The Innoson Story: Nigeria’s first car maker takes to the skies in fighter jets

Innoson staff meeting with Nigerian Air Force pilots at Enugu Air Base. Collaboration is likely to expand beyond the current deal. Innoson staff meeting with Nigerian Air Force pilots at Enugu Air Base. Collaboration is likely to expand beyond the current deal.

(CNN) The grinding conflict between the Nigerian state and Boko Haram insurgents has exacted a devastating human and economic toll over the past six years.

But for Nigeria’s first car manufacturer, the crisis may represent an opportunity.

The Nigerian Air Force (NAF) recently announced a partnership deal with Innoson Vehicle Manufacturing (IVM), which will see the company supply spare parts for jets conducting airstrikes against the insurgents.

Innoson Fighter JetsInnoson has signed an agreement to supply the Nigerian Air Force with spare parts for Alpha fighters

“The ingenious effort by IVM is instrumental to the continued operation of the Alpha Jets,” NAF spokesperson Ayodele Famuyiwa said of the deal. “IVM helped to save the day when help was not forthcoming from abroad.”

Friends in high places

The air force reached out to Innoson in 2015, as it faced increasing difficulty with the import of vital parts such as brake pads. The deal was struck after a series of site visits around the country.

First ever 'Made in Ghana' cars are built to survive anything

Innoson SUVs

“The army came to our factories in many states,” says Innoson spokesperson Cornel Osigwe. “They saw we had the capacity.”

IVM, part of the Innoson Group owned by billionaire Innocent Chukwuma, started producing commercial vehicles such as coaches in 2007, before launching a range of private cars in 2014 — the first to carry a “Made in Nigeria” seal.

The offshoot company now employs over 7,000 people and has capacity to produce 10,000 cars a year. It is hoped that the partnership with NAF could help the business expand further.

The company also produces a line of four-wheel drives including the IVM G6.

The company also produces a line of four-wheel drives including the IVM G6

“The attention is providing a big boost for the company,” says Osigwe.

Innoson has gained several new clients since the deal, according to the spokesperson, including the National Assembly. Leading politicians such as Senator Ben Murray-Bruce have offered strong support.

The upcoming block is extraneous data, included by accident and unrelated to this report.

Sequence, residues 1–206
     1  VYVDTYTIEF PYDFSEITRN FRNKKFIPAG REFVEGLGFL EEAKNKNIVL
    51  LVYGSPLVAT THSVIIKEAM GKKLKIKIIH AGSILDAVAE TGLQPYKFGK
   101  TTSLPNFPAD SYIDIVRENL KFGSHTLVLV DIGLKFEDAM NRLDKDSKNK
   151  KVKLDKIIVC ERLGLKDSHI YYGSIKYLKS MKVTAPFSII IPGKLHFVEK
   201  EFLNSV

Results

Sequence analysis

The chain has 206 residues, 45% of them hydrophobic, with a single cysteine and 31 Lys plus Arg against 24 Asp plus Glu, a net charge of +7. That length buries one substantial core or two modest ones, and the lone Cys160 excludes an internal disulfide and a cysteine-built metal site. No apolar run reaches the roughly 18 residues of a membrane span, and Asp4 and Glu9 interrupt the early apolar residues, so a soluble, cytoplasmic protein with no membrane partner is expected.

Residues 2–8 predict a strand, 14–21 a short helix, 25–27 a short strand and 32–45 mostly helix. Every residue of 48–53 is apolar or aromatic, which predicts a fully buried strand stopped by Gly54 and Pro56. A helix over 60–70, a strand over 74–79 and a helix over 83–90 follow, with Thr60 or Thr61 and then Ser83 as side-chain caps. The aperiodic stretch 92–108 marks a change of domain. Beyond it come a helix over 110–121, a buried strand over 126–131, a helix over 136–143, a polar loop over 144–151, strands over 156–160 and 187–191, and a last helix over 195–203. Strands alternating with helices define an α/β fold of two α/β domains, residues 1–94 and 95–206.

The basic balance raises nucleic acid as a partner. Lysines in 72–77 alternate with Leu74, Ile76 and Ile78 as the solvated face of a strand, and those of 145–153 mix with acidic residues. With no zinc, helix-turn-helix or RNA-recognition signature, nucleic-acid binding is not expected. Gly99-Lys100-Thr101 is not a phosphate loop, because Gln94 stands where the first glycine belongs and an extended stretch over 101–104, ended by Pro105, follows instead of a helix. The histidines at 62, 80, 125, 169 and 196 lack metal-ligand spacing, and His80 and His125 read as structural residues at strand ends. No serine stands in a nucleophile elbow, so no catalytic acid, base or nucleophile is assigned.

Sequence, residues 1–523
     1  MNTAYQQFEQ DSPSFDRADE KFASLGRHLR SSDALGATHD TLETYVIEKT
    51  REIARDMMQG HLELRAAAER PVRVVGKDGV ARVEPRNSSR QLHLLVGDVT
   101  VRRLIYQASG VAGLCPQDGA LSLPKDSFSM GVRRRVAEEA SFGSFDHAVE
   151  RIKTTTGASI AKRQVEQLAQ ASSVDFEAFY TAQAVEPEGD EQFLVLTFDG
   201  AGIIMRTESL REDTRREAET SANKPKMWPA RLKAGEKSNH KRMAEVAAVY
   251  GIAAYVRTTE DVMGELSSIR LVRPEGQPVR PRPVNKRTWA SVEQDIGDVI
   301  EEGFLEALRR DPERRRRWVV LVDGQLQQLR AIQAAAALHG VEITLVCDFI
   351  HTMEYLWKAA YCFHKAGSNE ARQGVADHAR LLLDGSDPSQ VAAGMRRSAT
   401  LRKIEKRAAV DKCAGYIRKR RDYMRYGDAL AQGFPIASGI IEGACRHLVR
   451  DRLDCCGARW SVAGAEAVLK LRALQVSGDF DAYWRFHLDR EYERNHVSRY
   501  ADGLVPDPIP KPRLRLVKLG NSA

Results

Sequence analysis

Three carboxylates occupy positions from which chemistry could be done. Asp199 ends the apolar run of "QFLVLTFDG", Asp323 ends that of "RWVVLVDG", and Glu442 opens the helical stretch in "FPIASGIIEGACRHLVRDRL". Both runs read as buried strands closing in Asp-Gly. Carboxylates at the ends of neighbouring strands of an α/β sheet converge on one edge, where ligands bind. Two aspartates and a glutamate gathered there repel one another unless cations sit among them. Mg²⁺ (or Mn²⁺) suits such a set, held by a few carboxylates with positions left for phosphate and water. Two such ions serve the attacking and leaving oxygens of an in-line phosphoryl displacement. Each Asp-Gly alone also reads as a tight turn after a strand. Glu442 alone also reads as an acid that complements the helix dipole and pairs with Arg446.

View image on Twitter View image on Twitter View image on Twitter View image on Twitter

Dr. Innoson Chukwuma has delivered my Innoson cars which I will now use as my official car

Osigwe hopes that high profile supporters will help the company make inroads with the wider public.

“If the government patronize Innoson, individuals and companies will follow,” he says.

Home advantage

As Nigeria continues to suffer from falling oil revenues that are devaluing its currency, the Naira, the government is making efforts to build up the domestic manufacturing sector and reduce dependency on imports.

The government-promoted Twitter campaign #BuyNaijaToGrowTheNaira has been enthusiastically adopted by the public, trending on several occasions over the past month.

 

Innoson has featured prominently in the campaign, with indications that the company is gaining recognition.

A recent poll from news site YNaija showed that 60% of respondents would choose the Nigerian-made cars.

The robust IVM Carrier model has been adopted by the Nigeria Road Safety Corps.

The robust IVM Carrier model has been adopted by the Nigeria Road Safety Corps

IVM is now seeking to capitalize on the current momentum. The company is planning to increase its manufacturing capacity from 10,000 to 50,000 vehicles per year, including of new, lower cost cars to reach a broader market.

The group also manufactures garbage trucks, vans and taxis.

The group also manufactures garbage trucks, vans and taxis

Collaboration with the NAF will also expand for research and supply. As patriotism grows across Nigeria, this could prove a crucial selling point.

There are plans to scale up capacity to 50,000 vehicles a year, including low-cost options, as Nigeria seeks to promote domestic manufacturing.

There are plans to scale up capacity to 50,000 vehicles a year, including low-cost options, as Nigeria seeks to promote domestic manufacturing

 CREDITS: This article was first published on http://www.cnn.com/africa
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